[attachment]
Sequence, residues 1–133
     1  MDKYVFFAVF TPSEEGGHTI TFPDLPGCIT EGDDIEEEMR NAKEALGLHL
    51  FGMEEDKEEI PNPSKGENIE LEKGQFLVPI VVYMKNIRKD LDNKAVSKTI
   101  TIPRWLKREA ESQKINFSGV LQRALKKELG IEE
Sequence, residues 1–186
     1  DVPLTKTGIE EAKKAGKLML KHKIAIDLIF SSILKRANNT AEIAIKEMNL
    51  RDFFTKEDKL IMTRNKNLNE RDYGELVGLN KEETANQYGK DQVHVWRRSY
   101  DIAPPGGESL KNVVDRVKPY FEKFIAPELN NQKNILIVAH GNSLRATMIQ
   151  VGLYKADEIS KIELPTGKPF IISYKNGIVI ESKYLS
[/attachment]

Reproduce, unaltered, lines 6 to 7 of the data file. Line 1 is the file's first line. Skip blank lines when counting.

     1  DVPLTKTGIE EAKKAGKLML KHKIAIDLIF SSILKRANNT AEIAIKEMNL
    51  RDFFTKEDKL IMTRNKNLNE RDYGELVGLN KEETANQYGK DQVHVWRRSY